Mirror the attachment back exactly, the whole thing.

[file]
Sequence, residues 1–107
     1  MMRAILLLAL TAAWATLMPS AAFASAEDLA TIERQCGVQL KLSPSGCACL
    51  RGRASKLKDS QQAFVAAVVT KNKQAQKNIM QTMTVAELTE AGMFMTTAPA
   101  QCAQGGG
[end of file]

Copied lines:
Sequence, residues 1–107
     1  MMRAILLLAL TAAWATLMPS AAFASAEDLA TIERQCGVQL KLSPSGCACL
    51  RGRASKLKDS QQAFVAAVVT KNKQAQKNIM QTMTVAELTE AGMFMTTAPA
   101  QCAQGGG